Assuming researchers find the right cell line and growth medium combination, they then have to grow those cells on a scaffold — ideally one that is edible so that it doesn’t have to be removed from the final product. For ground-meat products, such as burgers and sausages, small beads known as microcarriers can provide the surface properties needed by most muscle and fat cells for growth. But for anything with a more complex meat structure — a steak or an Iberian ham, for example — a more sophisticated tissue-engineering approach is required.
One option comes from a team at Harvard University in Cambridge, Massachusetts. Bioengineer Kevin Kit Parker and his colleagues have developed a spinning technique that works like a candy-floss machine to extrude long, thin fibres from gelatin5. The researchers put the gelatin, a protein product derived from collagen, into their machine and produced tiny threads — narrower than the width of a hair — that closely matched the architecture of fibres found in muscle tissue.
Last year, Parker and his colleagues showed that rabbit and cow muscle cells grown on the fibrous gelatin line up with the proper orientation6. The cells were still not as densely packed as real muscle, but Parker, together with three of his postdocs and students, has since created a company called Boston Meats to improve the technology further. “Now, with our scaffolds,” he says, “you can move from hamburger to fillet.”
Elsewhere, researchers have made scaffolds out of foods such as textured soya protein and various vegetables stripped of their cellular material so that only supporting structural sugar molecules and proteins remain. At the University of Ottawa in Canada, for example, biophysicist Andrew Pelling and his students have taken decellularized stalks of celery and shown that the grooves created by its natural structure help to promote the patterning and alignment of muscle cells7. And at Worcester Polytechnic, Gaudette’s team has grown fat and muscle cells on cell-free spinach leaves — the plant’s branching network of delicate veins provide ideal conduits for the nutrient medium to reach every cultivated meat cell.
Because muscle and fat cells require different growth media, however, researchers typically culture the two cell types separately, each on its own scaffold in a different nutrient bath. Some researchers, including Rowat, have devised strategies to then interlace the muscle and fat to achieve the flavour of a well-marbled steak. “The cells actually fuse together with the other partnering scaffold type on the time scale of hours to form these composite structures,” Rowat explains. In unpublished work, she has created miniature marbled steaks out of mouse and rabbit cells, and has begun to work with cells from pigs and cows, as well.
But even with the latest scaffolding strategies, some muscle biologists worry that key aspects of tissue physiology are still being discounted. “This incredible focus that we have as an industry on cell division ignores fusion and maturation,” says James Ryall, chief scientific officer at Vow, a start-up in Sydney working on cell-based meat from animals such as kangaroo and alpaca.
To form muscle tissue, thousands of individual precursor cells must first fuse together to become long myotubes. These cells require physical stimuli to mature into myofibres. Only then will muscle grown in the laboratory have the texture and nutritional properties of real meat, says Lieven Thorrez, a muscle-tissue engineer at the Kortrijk campus of KU Leuven. “And that is a process that takes time. You cannot just differentiate cells over a period of a few days and say the myofibres will be the same as those found in an adult animal,” he says. “That is largely overlooked.”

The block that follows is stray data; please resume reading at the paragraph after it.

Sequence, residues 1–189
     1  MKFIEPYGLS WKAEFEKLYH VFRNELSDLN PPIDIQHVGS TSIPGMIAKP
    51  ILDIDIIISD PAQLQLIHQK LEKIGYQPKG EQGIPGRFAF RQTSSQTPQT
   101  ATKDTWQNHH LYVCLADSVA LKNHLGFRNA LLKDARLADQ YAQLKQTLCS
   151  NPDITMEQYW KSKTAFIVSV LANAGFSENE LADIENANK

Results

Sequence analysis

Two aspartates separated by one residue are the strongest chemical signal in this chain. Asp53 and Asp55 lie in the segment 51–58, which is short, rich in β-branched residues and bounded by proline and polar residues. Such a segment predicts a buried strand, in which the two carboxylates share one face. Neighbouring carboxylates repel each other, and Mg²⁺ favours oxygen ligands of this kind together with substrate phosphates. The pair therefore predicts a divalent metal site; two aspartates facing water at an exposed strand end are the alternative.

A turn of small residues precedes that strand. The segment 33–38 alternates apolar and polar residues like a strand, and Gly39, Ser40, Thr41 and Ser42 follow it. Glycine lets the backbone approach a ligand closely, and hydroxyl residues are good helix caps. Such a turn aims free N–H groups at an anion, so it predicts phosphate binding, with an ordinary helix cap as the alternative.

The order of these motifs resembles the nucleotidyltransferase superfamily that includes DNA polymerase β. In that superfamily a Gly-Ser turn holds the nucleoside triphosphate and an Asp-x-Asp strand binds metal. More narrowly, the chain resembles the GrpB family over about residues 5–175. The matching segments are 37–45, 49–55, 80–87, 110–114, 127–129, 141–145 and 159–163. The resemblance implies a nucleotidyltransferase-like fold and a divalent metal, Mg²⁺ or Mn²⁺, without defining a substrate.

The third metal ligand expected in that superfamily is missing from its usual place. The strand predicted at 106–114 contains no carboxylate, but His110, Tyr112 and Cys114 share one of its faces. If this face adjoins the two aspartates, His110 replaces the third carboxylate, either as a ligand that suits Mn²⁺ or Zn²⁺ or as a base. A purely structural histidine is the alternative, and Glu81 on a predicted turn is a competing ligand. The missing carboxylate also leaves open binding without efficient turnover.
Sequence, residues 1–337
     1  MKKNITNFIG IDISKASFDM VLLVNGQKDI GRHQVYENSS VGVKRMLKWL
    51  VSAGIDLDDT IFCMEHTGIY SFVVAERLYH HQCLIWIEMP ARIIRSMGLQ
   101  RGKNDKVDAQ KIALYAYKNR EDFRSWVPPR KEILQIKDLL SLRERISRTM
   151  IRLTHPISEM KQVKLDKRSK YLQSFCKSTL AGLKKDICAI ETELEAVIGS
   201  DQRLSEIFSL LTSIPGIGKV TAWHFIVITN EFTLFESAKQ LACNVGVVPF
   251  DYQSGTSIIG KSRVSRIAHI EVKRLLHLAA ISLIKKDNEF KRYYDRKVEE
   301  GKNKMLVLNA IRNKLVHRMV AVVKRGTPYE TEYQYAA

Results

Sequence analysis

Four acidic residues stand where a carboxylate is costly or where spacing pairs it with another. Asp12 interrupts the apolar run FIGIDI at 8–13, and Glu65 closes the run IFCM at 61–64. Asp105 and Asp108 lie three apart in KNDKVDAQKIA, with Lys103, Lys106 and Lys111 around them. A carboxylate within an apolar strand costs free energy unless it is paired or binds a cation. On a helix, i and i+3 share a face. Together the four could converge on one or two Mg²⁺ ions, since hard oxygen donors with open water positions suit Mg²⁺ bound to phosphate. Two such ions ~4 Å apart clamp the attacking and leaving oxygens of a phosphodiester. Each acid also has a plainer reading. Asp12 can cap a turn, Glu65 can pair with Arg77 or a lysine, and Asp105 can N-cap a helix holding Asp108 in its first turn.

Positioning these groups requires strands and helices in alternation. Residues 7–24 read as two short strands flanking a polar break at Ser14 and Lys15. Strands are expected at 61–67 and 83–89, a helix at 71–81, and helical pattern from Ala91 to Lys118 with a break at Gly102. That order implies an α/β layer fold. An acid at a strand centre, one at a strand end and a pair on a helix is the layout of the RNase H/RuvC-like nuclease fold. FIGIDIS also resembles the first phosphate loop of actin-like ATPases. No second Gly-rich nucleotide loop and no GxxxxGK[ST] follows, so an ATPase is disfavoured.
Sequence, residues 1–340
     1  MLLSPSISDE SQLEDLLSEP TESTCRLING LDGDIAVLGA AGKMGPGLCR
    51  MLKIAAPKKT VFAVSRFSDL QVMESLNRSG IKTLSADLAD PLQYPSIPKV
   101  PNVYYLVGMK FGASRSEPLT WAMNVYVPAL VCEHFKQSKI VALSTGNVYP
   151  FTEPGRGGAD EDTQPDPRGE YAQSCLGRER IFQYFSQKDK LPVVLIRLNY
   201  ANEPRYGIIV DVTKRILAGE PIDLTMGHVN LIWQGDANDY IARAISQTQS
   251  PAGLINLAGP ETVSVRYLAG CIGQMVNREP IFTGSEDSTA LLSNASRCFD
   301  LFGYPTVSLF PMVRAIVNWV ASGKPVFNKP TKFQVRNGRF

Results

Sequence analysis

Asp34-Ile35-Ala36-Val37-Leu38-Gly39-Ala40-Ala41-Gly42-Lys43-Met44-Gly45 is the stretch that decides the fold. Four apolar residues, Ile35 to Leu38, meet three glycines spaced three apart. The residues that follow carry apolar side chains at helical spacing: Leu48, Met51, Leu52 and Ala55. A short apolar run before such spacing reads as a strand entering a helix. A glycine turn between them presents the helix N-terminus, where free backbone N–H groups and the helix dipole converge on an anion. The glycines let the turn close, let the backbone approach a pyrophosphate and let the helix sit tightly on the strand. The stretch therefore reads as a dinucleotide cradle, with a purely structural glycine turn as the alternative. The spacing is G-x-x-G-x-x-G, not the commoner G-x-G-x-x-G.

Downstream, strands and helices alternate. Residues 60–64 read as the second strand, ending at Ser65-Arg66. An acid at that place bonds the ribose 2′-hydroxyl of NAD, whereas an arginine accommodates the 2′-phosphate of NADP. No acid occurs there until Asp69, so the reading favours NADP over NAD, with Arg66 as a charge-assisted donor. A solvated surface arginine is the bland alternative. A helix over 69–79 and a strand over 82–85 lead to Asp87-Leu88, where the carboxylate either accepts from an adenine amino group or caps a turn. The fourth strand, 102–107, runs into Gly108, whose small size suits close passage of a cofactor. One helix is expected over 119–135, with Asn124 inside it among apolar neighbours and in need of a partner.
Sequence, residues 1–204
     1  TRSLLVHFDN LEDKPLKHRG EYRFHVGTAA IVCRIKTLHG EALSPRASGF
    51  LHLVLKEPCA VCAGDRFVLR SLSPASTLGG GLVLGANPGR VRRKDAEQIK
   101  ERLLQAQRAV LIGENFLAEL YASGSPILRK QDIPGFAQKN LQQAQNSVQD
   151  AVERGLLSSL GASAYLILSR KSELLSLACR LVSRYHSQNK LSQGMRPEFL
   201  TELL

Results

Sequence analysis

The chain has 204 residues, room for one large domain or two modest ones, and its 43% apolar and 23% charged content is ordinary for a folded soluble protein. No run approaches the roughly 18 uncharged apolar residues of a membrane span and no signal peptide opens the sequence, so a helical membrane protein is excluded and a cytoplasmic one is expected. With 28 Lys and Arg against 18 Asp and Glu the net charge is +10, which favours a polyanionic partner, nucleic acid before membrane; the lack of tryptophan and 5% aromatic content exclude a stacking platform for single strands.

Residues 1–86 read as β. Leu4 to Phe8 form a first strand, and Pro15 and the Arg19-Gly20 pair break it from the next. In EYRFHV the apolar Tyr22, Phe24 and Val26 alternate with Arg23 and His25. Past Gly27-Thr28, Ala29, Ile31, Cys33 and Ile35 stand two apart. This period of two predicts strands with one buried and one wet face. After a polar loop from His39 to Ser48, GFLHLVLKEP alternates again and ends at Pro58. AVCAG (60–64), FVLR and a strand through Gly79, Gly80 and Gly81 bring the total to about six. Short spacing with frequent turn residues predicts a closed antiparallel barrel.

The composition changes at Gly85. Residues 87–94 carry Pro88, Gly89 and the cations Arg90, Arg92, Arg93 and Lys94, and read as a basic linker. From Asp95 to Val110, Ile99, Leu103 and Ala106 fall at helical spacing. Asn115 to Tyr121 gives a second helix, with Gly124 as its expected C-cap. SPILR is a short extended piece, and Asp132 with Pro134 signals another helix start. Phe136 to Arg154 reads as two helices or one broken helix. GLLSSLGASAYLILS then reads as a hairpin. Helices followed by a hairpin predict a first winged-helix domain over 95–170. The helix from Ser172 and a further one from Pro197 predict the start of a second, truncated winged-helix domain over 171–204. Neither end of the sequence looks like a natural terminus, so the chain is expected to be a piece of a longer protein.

With so many scientific issues to resolve, cell-based meat research, whether in academic or private labs, remains at the experimental stage. For commercial viability, the industry will need to find ways to produce tissue at a massive, and unprecedented, scale.
Tissue engineer Che Connon at Newcastle University, UK, estimates that feeding the world’s population with lab-grown meat would necessitate building systems for growing on the order of a septillion (1024) cells annually, something that is not possible with the types of batch bioprocessing techniques currently used in mammalian-cell-based manufacturing. Global capacity could fulfil about one-billionth of that requirement. “It’s a massive limiting factor,” says Connon, who has developed a type of continuous cell-bioreactor platform that he plans to commercialize through a spin-off company called CellulaREvolution.
Meanwhile, computer scientist Simon Kahan, president of life-sciences software company Biocellion SPC in Seattle, is leading a team called the Cultivated Meat Modeling Consortium that formed in 2019 with the aim of optimizing bioprocessing techniques through modelling techniques. With funding from the German technology company Merck, the consortium has developed a proof-of-concept model of a stirred-tank bioreactor, involving little more than a spinning rotor and free-floating minute beads for growing muscle cells.
The bioreactor might be fairly rudimentary, but the consortium’s computer modelling is anything but. The simulations of fluid dynamics and cellular biomechanics have revealed a central challenge to growing muscle or fat cells at scale. “You have these two competing interests,” says Kahan. To support nutrient and gas exchange, “you’re trying to keep things well mixed while at same time trying to subject the cells to very little mechanical fluid stress”. With input from industry partners, the consortium plans to build more complexity into its models to inform the design of bioreactors in the real world.
Block’s group, with its large NSF grant, isn’t even attempting to work on bioreactor designs; there is plenty to keep his team busy tackling the issues of cell lines, media and scaffolds, as well as conducting feasibility assessments of the cell-based meat industry. “To me,” says Block, “it’s not clear yet that this is going to be a viable alternative” — whether from a technical, economic or sustainable standpoint. But with each new grant or research team entering the field, the goal of a perfectly grilled, medium-rare steak grown from cells gets a little closer to becoming a reality.
Nature 588, S64-S67 (2020)